Machines Rising In Customer Loyalty

  • by , Op-Ed Contributor, July 10, 2017

Merrill Lynch uses machine learning to automate investors’ portfolios. Facebook employs it to curate newsfeed content. Professional soccer teams utilize machine learning to design personalized training programs to keep players injury-free. And, of course, Google’s self-driving cars rely on it to navigate the roads.

Thanks to machine learning’s ability to analyze data with greater speed and more accuracy than any human — in a more cost-effective way — the technology is now being embraced by countless industries.

Recognizing machine learning’s immense value, businesses have big plans for it in 2017. According to a survey conducted by MIT Technology Review Custom in partnership with Google Cloud, 50% of organizations plan to use machine learning to better understand customers and 48% anticipate using it to gain a competitive advantage. 



Businesses with customer loyalty programs are ripe to adopt this technology and use it to better their offerings.

Technology has long helped companies get better and faster at capturing customer data, but the analytical capabilities have been limited. Historically, the data that is collected measures information at face value, such as the number of engaged members in a loyalty program or when people stop participating. Now, machine learning can help these businesses take their loyalty offerings to the next level.

How so?

Machine learning won’t just look at data and point out obvious facts. Instead, it will uncover correlations between groups of data sets. In other words, machine learning will comprehend exactly what the data is saying. 

It’s precisely this insightful aspect of machine learning — its ability to see patterns and understand consumer behavior — that equips marketers with the information they need to better segment and target their customers. 

For example, the technology can be applied to the creation of a recommendation engine, which is based on a customer’s prior behavior instead of an artificial set of perimeters or rules. It can predict the preferences of shoppers, travelers and diners and develop actionable insights such as which customers get which types of offers. Predictive analytics can also detect potentially improper or even fraudulent behavior.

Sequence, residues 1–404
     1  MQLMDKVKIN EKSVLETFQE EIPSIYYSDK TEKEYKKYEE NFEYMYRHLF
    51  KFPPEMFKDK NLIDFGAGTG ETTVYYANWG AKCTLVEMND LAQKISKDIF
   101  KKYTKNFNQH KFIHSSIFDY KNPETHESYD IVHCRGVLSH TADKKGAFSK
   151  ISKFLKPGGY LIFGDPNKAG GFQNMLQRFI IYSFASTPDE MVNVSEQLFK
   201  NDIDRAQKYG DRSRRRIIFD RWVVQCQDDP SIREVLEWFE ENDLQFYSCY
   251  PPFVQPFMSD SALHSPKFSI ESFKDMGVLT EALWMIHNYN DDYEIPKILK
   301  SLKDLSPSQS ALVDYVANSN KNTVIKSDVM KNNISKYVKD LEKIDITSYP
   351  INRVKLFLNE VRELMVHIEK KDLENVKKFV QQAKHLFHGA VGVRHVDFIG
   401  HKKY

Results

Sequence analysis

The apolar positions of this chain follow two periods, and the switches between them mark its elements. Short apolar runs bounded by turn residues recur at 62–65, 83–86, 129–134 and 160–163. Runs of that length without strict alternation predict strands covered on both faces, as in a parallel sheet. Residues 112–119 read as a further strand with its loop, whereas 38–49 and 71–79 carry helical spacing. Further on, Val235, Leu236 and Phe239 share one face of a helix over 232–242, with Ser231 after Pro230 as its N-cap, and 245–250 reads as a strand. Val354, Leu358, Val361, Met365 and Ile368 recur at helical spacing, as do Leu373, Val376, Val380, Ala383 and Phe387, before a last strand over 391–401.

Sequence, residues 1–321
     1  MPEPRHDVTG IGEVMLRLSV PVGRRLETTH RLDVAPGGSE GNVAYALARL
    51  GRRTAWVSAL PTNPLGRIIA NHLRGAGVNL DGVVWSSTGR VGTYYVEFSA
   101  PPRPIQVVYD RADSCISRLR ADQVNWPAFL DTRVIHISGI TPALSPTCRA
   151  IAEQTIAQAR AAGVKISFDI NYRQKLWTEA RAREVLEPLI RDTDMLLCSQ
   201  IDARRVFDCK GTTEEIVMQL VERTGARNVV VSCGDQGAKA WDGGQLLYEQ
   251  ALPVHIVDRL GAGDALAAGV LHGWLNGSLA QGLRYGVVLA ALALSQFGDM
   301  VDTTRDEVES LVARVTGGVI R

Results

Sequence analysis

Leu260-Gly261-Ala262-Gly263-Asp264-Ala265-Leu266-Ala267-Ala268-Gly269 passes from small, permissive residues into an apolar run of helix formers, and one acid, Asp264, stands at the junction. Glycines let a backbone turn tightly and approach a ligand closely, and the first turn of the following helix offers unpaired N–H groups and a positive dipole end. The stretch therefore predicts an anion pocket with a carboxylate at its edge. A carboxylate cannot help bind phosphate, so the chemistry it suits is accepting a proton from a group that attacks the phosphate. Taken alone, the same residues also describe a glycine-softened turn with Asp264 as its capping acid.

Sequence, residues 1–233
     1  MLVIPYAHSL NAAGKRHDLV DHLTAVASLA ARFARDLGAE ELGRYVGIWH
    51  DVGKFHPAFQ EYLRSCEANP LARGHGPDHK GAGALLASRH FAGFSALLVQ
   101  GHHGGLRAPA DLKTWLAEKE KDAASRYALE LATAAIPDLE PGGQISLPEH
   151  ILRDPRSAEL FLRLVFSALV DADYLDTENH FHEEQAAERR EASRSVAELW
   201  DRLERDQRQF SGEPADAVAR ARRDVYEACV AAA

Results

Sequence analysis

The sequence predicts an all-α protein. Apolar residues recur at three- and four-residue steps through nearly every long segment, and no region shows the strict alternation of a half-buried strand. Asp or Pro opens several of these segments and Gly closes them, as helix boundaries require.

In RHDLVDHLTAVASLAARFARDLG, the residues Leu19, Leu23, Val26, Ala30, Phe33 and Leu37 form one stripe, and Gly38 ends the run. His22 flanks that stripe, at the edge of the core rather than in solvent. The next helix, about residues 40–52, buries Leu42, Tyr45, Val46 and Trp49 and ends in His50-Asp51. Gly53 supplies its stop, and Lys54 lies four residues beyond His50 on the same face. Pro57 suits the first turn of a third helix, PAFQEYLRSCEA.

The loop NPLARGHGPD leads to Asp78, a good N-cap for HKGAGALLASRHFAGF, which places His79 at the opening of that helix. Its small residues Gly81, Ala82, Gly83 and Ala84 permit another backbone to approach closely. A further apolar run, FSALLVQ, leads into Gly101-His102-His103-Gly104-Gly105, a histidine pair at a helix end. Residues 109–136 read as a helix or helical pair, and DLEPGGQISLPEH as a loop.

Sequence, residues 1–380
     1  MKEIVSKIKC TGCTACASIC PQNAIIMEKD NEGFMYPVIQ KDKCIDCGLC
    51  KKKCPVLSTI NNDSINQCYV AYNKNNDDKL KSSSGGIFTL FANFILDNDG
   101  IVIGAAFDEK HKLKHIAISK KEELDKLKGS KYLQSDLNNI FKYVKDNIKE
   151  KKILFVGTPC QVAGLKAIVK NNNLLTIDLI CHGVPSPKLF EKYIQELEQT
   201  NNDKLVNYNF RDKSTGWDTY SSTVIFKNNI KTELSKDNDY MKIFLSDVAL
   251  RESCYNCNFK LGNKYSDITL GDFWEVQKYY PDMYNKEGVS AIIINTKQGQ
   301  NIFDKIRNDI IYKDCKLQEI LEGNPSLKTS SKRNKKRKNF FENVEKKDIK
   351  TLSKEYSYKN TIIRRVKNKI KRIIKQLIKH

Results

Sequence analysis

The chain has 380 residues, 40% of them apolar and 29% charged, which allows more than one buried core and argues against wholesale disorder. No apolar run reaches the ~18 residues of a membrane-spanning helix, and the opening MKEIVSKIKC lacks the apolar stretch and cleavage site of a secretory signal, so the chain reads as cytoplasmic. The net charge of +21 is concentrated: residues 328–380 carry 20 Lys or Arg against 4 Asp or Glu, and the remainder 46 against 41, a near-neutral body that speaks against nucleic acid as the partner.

Overall, marketers can use the technology to uncover the touch points a customer will encounter along the path to purchase and predict which ones will lead to conversion. This is particularly beneficial as a drastic increase in the number of product choices and digital channels make it more difficult to use traditional methods to locate the gaps in the customer funnel. 

Using machine learning to optimize business may sound like a luxury, but it’s a must in today’s world of micro-personalization. Consumers’ expectations are higher than ever. Brands have been focused on determining “the next best loyalty offer,” but they need to elevate their line of thinking. Brands should instead look to “the next best action” that will truly improve the customer experience — and in turn, improve engagement.

Loyalty marketers might be thinking to themselves, “This machine learning sounds like science fiction that maybe, one day, we’ll use.” Turns out, the future is now. It isn’t just Fortune 500 companies and the so-called FANG stocks (Facebook, Amazon, Netflix, and Google) using machine learning. Numerous open-source machine-learning algorithms are already available. It’s just a matter of marketers combining platform architecture with staff expertise in order to produce insights they need to better their offerings.

It’s imperative to note, however, that machine learning cannot replace human marketers. The industry cannot be fully automated. In fact, machine learning is a tool that only works when it’s used in combination with human expertise and analysis. 

Turns out, two brains — one human, one machine — really are better than one.

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